Wednesday, 3 August 2011

Philosophical Places

There has been a burgeoning of interest in philosophy for children in recent years, all part of the process of seeking to develop children’s thinking skills. Many of its advocates have argued for a fourth ‘R’ in the school curriculum in which Reasoning is taught alongside Reading, Writing and Arithmetic.

Stories are an important device for engaging children, not only do they provide enjoyment they also help children to begin enquiring and exploring philosophical ideas.

As a secondary school teacher I run a philosophy club and my group of philosophers all of whom started in Year 7, aged 11, seem to have grown up very quickly. Too young for Gaarder’s brilliant Sophie’s World and too old perhaps for the philosophical stories for children, Bernard Beckett’s Genesis and August are possibly the answer to my question of what can they read?

Genesis takes the reader to Plato’s Republic -- a post-cataclysmic world isolated away from the rest of humanity -- and puts them into a Socratic dialogue between a board of examiners and a young student - Anaximander. In the claustrophobic context of the examination, Anaximander questions the official history of the Republic and the role of her long-dead hero, the philosopher-soldier Adam Forde.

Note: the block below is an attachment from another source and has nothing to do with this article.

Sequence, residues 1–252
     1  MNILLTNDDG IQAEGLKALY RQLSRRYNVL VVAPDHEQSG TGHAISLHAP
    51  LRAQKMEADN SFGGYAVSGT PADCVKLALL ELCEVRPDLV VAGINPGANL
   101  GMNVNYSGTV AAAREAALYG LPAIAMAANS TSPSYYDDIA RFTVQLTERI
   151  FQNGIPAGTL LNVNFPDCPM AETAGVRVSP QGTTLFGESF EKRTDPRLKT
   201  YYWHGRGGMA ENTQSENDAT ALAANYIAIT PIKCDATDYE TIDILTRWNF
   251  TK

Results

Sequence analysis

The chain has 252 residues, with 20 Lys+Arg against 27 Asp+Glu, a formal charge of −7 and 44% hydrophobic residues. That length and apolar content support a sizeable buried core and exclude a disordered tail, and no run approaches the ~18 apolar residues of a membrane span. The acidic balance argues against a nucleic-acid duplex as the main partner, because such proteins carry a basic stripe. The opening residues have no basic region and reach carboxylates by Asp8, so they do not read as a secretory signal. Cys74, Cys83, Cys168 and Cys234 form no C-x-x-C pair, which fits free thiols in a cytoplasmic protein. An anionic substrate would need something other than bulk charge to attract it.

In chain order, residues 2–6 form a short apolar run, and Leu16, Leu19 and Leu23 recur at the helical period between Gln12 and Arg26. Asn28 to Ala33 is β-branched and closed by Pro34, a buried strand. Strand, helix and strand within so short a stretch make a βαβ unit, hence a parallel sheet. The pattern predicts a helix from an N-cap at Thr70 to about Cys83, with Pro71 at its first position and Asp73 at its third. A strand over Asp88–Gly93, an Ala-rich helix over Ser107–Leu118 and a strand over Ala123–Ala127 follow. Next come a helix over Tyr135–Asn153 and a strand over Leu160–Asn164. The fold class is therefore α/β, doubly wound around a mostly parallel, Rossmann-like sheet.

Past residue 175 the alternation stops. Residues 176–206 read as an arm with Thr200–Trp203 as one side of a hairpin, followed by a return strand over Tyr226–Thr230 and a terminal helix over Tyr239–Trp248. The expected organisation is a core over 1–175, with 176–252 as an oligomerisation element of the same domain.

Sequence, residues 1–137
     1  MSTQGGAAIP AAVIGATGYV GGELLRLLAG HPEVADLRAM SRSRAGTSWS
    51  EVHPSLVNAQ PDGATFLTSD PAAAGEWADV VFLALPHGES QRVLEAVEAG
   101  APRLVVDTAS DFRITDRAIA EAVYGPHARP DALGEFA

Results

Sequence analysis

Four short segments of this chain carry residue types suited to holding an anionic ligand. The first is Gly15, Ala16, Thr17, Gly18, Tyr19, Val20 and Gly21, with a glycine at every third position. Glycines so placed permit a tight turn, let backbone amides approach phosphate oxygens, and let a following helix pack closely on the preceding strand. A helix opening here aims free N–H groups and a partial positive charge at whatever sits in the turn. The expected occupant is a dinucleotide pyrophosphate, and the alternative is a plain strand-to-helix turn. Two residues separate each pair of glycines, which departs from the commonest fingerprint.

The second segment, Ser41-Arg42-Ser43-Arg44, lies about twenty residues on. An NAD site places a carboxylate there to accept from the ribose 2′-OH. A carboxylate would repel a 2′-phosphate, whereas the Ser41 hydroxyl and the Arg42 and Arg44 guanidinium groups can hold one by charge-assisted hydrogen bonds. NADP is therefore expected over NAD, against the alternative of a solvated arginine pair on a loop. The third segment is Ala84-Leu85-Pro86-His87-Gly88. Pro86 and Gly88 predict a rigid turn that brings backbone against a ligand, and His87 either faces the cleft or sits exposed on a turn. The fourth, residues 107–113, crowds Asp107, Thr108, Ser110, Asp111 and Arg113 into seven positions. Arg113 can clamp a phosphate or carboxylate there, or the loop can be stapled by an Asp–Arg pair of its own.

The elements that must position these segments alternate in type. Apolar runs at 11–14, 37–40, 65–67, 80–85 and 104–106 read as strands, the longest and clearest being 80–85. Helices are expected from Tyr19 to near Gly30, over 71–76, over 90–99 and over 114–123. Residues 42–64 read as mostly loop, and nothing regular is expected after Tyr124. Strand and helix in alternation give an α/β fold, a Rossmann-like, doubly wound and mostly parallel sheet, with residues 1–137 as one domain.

August puts the reader into a different philosophical rule, that of St Augustine’s City of God in another post-cataclysmic world. This time the dialogue is between Tristan, a philosopher struggling with questions of freewill, and Grace, a street prostitute, whose life is more of a question of survival. Trapped upside down in a car wreck, alone, hours away from daybreak and the chance of a rescue, August’s dialogue tells the alternating stories of their lives.

It is tempting to brand Genesis and August as ‘Philosophy for Teenagers’, but there is a subtle difference in resisting this and identifying these books as Young Adult Philosophy. The books are written to be accessible to teenagers, with the length of story and the choice of language. The dialogical format of the books and the pace of the story however requires a more patient reader and at times, important passages need to be re-read. In fact I want to re-read Genesis and August and refresh my knowledge of Plato’s Republic and St Augustine’s City of God to fully appreciate the subtly of the books. The philosophy is the foundations upon which the story is written, shaping the story rather than it being a story with some philosophical insights. Moreover the books, particularly August, include more adult content.

Unfortunately I do not have my answer for my teenage philosophy group. Some members I can identify as having the maturity to read and fully engage with Genesis and August. Others may not. Perhaps I am missing the point. Whether you are a child, teenager, young adult or adult, the joy of philosophy is always to read a story and ponder for any amount of time, whatever philosophical musing it stirs, great or small.

Genesis and August by Bernard Beckett are both published by Quercus.

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